http://www.bbc.co.uk/programmes/b07jczmc

This:

http://www.bbc.co.uk/programmes/b07jl61s

And to add some much-needed humour to the table, this:

Best of British for the 23rd, chaps. Use your collective power wisely.

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Just Don’t Pray

14/11/2015

Charlie Hebdo, the apparently unstoppable rise of ISIS, refugees dying in European waters and now Paris.

Trying to make some sense of it all and attempt an opinion based on head and not heart is the hardest thing. The current trend of relying on the rhetoric of those who (albeit with the best of intentions) insist on turning the grey tones of reality into a feel-good monochrome of good vs evil and right vs wrong, is as harmful to the freedom of thought and expression as everything they believe they are taking a stand against.

Maybe some people sleep more easily at night if they have spent their day championing their chosen unfortunates through social media memes and surprisingly vitriolic attacks on those whose opinions they consider less altruistic – I am sure the certainty of their place on the moral high ground is some comfort to them in an increasingly chaotic world. But I am not convinced that their positions, as loudly as they proclaim them, are thought through with any real honesty.

I previously addressed the apologist “It’s not Islam” argument here, and although I am not going to bore you all with it again, I have to reiterate that although most Muslims are not extremist terrorists, most extremist terrorists are Muslim. And they ARE Muslim. It is dangerously naive to declare otherwise. Islam, like all Abrahamic religions, can be interpreted pretty much any way suits an adherent’s lifestyle. An extremist Muslim is just as much a Muslim as a moderate Muslim, they just take different messages from their holy book. And as long as Allah continues to resist making a personal appearance in order to mediate and clarify, that will remain the case.

It is not ‘racist’, it is not ‘discriminatory’, it is not ‘Islamophobia’. It is simply fact.

A few months after Charlie Hebdo the mass arrival by sea began and after that the heartbreaking images of Aylan Kurdi, sparking a massive response from an aghast European audience who were quick to assure the struggling refugees that they would be welcomed in Europe: an understandable reaction to the sight of a tiny body – victim of his family’s attempts to give him a more stable future, but was it really the solution?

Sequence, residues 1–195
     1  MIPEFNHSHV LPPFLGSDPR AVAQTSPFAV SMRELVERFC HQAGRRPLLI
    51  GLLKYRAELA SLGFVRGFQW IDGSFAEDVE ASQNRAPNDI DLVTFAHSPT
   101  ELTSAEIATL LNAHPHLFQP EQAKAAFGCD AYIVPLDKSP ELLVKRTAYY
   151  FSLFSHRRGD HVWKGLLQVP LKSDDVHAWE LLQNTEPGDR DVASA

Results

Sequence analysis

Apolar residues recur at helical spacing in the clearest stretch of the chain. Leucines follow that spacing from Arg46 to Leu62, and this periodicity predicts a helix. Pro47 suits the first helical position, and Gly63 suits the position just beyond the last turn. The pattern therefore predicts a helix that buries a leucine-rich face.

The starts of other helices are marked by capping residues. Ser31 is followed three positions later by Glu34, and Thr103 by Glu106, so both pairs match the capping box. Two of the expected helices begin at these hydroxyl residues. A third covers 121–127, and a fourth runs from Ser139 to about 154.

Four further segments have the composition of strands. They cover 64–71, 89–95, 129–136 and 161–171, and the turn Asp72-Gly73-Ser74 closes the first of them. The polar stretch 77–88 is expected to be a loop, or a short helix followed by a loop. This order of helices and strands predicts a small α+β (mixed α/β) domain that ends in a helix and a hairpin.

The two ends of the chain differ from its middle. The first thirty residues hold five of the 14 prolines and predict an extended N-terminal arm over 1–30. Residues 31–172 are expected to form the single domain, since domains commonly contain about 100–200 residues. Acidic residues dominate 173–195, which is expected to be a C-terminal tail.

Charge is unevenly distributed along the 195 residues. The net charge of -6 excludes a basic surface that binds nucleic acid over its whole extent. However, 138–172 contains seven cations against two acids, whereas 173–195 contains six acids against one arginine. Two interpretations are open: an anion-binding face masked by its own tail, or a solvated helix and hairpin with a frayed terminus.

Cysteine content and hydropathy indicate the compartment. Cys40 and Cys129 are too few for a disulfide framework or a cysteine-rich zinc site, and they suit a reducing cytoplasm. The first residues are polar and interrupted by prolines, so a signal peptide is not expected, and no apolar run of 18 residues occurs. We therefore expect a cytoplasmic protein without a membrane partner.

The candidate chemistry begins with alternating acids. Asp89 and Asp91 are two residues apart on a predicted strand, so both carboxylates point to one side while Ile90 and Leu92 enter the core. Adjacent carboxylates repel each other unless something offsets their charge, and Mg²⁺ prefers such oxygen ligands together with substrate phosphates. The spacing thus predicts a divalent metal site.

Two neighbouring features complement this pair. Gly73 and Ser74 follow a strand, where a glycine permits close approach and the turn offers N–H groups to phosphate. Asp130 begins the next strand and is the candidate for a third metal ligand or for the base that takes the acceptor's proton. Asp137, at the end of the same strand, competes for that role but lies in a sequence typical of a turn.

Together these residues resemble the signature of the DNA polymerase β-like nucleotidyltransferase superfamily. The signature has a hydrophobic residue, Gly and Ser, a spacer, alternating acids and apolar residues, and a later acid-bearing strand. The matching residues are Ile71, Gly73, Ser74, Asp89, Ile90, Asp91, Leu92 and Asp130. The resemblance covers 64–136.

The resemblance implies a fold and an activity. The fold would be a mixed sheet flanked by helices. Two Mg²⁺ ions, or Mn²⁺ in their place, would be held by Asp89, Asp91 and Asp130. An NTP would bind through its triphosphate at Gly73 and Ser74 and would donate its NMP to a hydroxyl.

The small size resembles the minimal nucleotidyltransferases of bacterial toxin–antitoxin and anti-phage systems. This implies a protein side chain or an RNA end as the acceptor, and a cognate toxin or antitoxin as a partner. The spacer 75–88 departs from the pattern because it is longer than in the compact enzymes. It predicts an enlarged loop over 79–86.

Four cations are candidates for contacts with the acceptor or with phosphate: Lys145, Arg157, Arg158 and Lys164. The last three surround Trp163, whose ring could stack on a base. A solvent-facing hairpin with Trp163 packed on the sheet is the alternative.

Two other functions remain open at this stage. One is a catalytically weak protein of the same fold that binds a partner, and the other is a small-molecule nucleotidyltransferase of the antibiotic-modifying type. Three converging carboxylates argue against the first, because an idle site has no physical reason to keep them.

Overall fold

Surely the prospect of a relatively indiscriminate welcome in Europe would (and indeed has) only serve to propel yet more people into the arms of utterly inhumane people smugglers and their unseaworthy vessels?

Surely the prospect of a relatively indiscriminate welcome in Europe would (and indeed has) encourage economic migrants to try to pass as legitimate refugees in order to take advantage of the situation?

Where is this huge influx of migrants going to live?

What are they going to survive on?

Where are they going to work?

How is Europe going to ensure that such large numbers of people are able to fully integrate into European life, and assimilate the European values that have made this the relatively successful group of countries people wish to flee to?

What explanation is there for the fact that there are children of previous Muslim immigrants – young adults born in Europe and brought up surrounded by European life and values – now taking part in murderous attacks on their countries of birth?

Who is going to rebuild countries like Syria if the brightest and best (or at least those with the funds to pay the immoral people smugglers) have been encouraged to attempt new lives for themselves in Europe?

The West has demonstrated time and again its total incomprehension of the cultural and historical mindset of Islamic countries – intervention by Western leaders is partly to blame for the spreading Jihadist mess the world finds itself in today – but is there another way in which the general populations of these countries can be given support other than the minefield (excuse the pun) of military intervention, or mass emigration?

Sadly I don’t have the answers I am only consumed by the questions, and perturbed by the attempts of some to simplify a highly complex situation by whitewashing many of the most pertinent issues, whilst allowing knee-jerk sentiment to drive their social judgements and political demands.

While the voices that appear to be shouting the loudest on the UK platform are those mentioned in the first two paragraphs of this post, the story in Italy is a very different one, partly (amongst a host of other reasons) due to the fact that Italy has long been obeying Europe’s orders to rescue and offer safe haven to boatloads of illegal immigrants, with very little back-up. Most of the memes I have seen circling here depict variations on a theme of happy immigrants living off obscenely generous government hand-outs, whilst Italian grannies hunt through the bins for scraps. No more factual than the mock-up of David Cameron, surfboard under his arm, stepping over Aylan’s corpse, but just as inflammatory – the savaging I got for taking one Italian social media commentator to task still boils my blood whenever I pass the man on the street.